"Patroon" is not well-known outside of upstate New York, where the patroons ruled. This may be why the appleknockers rejected their own patroon in the 1930s and 1940s. (And 1920s as well, no doubt.) They knew what it meant.

Most of the rest of the country's voters got it confused with "poltroon", apparently applied to themselves.

Anthony said...

"Health Kaiser" might have trademark problems.

Rob said...

I think they are going to use Fuhrer for President Obama and Commissar for all the rest..... LOL

Henry Canaday said...

How about Big Nurse?

The whole ----- Czar thing was a media fad of the 1970s, when it was fashionable to pretend that the US and the USSR were basically alike or were converging, so we should resign ourselves to adopting Russian titles. You will recall that we did not hear of any Czars after Reagan took office.

The media is now in its New Deal nostalgia phase. Because GDP dropped about 0.1% in the third quarter, we have just endured a camp Depression, so we need to enact a camp New Deal.

It is always 1932 in the donkey's brain.

Reg Cæsar said...

The word tsar is derived from the Latin title Caesar by way of the Old Slavonic tsesar. The word is cognate with German Kaiser, Gothic Kaisar and its Dutch, Danish, Swedish and Norwegian cognates. --anonymous

Yes, and if the press is caught using, without our express permission, the Cæsar family name, image, trademark, or any derivative thereof, in any language, dialect, pidgin, argot, or jargon, or in any language-game derivative therethereof, in any alphabet, syllabary, pictograph, glyph, rebus, sign language or other manual or corporal gesture, or semaphore, Morse, binary or other code, they will be hearing forthwith from our attorneys.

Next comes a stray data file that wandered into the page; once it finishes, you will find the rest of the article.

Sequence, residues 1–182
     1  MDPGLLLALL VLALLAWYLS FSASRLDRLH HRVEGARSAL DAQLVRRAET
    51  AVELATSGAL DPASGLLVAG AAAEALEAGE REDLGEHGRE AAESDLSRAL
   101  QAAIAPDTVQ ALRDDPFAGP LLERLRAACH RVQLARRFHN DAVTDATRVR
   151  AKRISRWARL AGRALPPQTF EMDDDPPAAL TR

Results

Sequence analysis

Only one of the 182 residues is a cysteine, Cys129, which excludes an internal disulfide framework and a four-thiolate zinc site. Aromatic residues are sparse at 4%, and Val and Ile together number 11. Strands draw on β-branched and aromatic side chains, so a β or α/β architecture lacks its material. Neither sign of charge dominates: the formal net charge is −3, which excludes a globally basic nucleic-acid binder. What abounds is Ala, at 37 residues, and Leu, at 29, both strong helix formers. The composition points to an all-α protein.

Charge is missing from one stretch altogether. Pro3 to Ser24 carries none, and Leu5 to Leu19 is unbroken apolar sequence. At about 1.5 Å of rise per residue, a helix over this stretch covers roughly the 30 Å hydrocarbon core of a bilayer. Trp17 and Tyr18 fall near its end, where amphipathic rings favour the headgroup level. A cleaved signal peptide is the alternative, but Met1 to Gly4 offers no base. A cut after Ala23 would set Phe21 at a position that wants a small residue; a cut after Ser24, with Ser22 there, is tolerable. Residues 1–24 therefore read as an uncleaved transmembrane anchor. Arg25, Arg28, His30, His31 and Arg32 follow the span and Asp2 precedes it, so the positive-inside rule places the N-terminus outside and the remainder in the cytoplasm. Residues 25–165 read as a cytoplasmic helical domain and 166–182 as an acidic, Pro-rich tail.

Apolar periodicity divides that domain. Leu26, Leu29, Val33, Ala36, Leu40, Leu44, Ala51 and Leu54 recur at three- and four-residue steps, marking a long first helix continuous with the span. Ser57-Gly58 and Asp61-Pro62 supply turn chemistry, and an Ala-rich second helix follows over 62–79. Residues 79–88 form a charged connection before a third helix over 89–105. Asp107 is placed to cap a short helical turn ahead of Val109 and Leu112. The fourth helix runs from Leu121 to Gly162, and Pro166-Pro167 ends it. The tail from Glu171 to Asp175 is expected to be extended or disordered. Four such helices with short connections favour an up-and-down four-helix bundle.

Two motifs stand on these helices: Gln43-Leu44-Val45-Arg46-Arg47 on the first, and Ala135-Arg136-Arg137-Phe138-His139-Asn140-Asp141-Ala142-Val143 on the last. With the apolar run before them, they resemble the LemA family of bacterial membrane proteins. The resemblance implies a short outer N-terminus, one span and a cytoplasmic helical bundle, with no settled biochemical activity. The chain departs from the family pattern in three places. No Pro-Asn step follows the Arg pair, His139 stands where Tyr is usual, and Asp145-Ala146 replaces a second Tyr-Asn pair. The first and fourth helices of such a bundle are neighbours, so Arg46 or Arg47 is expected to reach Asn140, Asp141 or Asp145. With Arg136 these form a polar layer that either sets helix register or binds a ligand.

Anonymous said...

Health god (small-g of course)

TCO said...

Kaiser and Czar come from the same root ("Ceasar").

none of the above said...

"Health Messiah" would sound too much like someone was actually going to be healed somewhere along the line. "Health Czar" has the right ring, though--a distant king with great powers which he wields in ignorance of local conditions, to little positive effect.

Anonymous said...

You will recall that we did not hear of any Czars after Reagan took office.

What are you talking about? The concept pretty much started its current vogue in the Reagan Administration, when a 1982 news story by United Press International which reported that “Senators... voted 62-34 to establish a ‘drug czar’ who would have overall responsibility for U.S. drug policy.” Actually, recent scholarship suggests (unsurprisingly) that our brilliant Vice President-elect originated the term. See the NYT, October 9, 1982, "U.S. plans a new drive on narcotics" Section 1, Page 18:
"But Senator Joseph R. Biden Jr., the Maryland [sic!] Democrat who is a strong advocate of antinarcotics efforts, said today that he thought no program could work without a Cabinet-level "drug czar" in charge to coordinate the work of various agencies."

Mr. Anon said...

When the new administration appoints this or that czar (health czar, drug czar, ring-around-the-collar czar, whatever), a suit should be brought against them in federal court based on Article I, Section 9 of the U.S. Constitution:

"No Title of Nobility shall be granted by the United States:..."

David said...

Yeah, the first time I heard it was when Bill Bennett was named "Drug Czar." I was outraged at the evident seriousness with which the term was used. First I believed it was a joking term, but nooooo. It was the country that was turning into a joke...

Anonymous said...

Health Jesus